There are other ways for experience to be relevant to the justification of a priori beliefs than by enabling the concepts that are part of their contents. It's also standardly allowed that certain experiences would defeat a priori justification -- the experience of lots of misleading but authoritative testimonial evidence, for example, could make it unreasonable to retain some particular a priori belief. If such obtained, then you wouldn't be justified; therefore, your justification depends on such experience not obtaining. Thus does, for example, Marcus Giaquinto distinguish between 'positive' and 'negative' roles for experience:
We could mark the distinction by saying that if a belief is rationally revisable in the light of future experience, its retention is negatively dependent on experience; and if a belief cannot have been justi´Čüably acquired unless some experience was used as grounds in the process, its acquisition is positively dependent on experience.

But there is room for a kind of dependence on experience that is neither 'negative dependence' nor 'positive dependence' in Giaquinto's sense. And I think that it, too, is consistent with apriority. We can distinguish between the reasons in favor of some belief, on the one hand, and various conditions that are necessary for those reasons to count in favor of the belief, on the other. And in at least some cases, we should think that experiences can play that latter role in a way consistent with apriority. I'll close with an example, and continue with further thoughts and possible applications in another post.

Consider a moderately complicated proof. Suppose it requires a couple dozen lines, and involves fairly lengthy sentences. In fact, it is valid, and indeed, I have produced it correctly -- every step followed from the previous one in a way that I appreciated while writing it down on my blackboard. I've reached my conclusion, but I do not, at this moment, know it to be true. The reason this is so is that the proof is too complicated for me to know it sound straightaway; the chance of making a mistake is too great. Sometimes I apply rules incorrectly; sometimes I accidentally change variables. I don't do this very often -- no more than most philosophers -- but I do it often enough that it would be unreasonable to be confident in the soundness at this point. Instead, I should go back and check my work. I review each step, looking for mistakes, and find that I made none. Now I know the conclusion.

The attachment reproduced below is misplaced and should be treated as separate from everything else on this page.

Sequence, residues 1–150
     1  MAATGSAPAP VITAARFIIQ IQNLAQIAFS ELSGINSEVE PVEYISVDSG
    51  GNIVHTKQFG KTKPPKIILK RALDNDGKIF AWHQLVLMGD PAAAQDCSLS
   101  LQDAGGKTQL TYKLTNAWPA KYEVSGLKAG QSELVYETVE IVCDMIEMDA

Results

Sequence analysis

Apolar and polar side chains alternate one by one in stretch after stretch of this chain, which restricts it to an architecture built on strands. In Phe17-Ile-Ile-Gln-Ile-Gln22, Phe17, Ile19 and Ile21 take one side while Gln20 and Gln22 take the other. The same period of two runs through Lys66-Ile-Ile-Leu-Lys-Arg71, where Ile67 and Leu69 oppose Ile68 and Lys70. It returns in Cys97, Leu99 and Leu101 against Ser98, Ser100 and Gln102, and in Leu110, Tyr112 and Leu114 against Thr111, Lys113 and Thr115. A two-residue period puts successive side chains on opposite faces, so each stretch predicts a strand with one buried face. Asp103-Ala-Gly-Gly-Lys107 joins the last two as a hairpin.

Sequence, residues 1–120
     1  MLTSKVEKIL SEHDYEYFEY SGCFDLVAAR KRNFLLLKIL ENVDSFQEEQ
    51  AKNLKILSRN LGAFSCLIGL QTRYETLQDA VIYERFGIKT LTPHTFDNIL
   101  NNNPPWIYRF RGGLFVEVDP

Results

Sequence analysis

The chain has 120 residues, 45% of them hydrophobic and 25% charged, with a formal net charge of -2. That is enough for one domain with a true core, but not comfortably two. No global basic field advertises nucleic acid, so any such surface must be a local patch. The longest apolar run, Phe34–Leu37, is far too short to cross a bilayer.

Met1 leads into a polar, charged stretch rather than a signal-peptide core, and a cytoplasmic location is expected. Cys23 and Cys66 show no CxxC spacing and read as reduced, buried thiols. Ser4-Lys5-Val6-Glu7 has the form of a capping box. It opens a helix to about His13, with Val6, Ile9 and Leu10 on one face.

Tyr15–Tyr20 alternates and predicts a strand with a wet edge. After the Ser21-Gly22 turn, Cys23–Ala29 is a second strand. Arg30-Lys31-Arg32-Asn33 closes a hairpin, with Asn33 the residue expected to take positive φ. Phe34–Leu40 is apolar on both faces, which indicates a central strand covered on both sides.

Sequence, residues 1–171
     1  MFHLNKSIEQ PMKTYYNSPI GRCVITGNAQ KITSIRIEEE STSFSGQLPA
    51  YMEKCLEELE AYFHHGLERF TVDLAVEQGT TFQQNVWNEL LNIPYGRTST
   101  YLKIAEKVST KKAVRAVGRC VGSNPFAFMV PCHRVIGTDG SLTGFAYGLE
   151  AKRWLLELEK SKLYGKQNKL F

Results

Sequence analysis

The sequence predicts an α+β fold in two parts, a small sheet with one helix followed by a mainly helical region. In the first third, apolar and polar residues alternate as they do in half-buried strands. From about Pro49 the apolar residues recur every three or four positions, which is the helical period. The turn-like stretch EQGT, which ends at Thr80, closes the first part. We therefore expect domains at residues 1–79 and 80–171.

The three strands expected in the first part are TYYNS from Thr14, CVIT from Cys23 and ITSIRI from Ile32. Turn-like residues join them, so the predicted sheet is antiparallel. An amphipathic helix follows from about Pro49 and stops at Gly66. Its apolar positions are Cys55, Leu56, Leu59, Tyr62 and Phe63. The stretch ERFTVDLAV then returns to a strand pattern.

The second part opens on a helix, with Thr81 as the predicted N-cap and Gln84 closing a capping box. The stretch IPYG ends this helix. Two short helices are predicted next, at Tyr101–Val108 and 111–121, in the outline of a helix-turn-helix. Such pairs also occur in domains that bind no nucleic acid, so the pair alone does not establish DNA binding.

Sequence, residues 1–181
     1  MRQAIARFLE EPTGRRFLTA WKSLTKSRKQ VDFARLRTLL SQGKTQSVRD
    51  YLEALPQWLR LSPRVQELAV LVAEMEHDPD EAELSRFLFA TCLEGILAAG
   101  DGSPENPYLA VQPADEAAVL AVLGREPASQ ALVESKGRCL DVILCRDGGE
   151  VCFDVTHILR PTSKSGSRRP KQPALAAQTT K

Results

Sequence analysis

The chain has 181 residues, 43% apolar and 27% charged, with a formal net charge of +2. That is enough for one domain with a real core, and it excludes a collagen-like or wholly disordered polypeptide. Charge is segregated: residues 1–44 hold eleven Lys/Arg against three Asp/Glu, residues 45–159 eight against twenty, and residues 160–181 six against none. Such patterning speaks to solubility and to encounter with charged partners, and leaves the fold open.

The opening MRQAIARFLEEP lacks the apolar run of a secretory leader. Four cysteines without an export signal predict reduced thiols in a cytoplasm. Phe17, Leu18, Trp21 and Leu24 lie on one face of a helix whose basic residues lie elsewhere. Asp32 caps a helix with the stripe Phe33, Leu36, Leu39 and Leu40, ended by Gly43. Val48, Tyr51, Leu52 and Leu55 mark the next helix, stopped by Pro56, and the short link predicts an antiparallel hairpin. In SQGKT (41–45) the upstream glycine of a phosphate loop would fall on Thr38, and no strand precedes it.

My experience of checking my proof played a significant role in my knowledge of its conclusion. Certainly, that latter knowledge at least counterfactually depends upon it. But these experiences, of course, weren't necessary for the possession of any concepts in the conclusion; I was perfectly capable of entertaining the thought before I began. And this is a positive dependence on experience; it's not just that I need to lack particular misleading experiences. Nevertheless, this looks like a merely enabling role for experience; my belief in the conclusion is not based on my experience of checking the proof; it is based only on the premises. If those are a priori, then my knowledge of the conclusion is too.

So there are ways for experience to play merely enabling roles beyond the ones articulated above.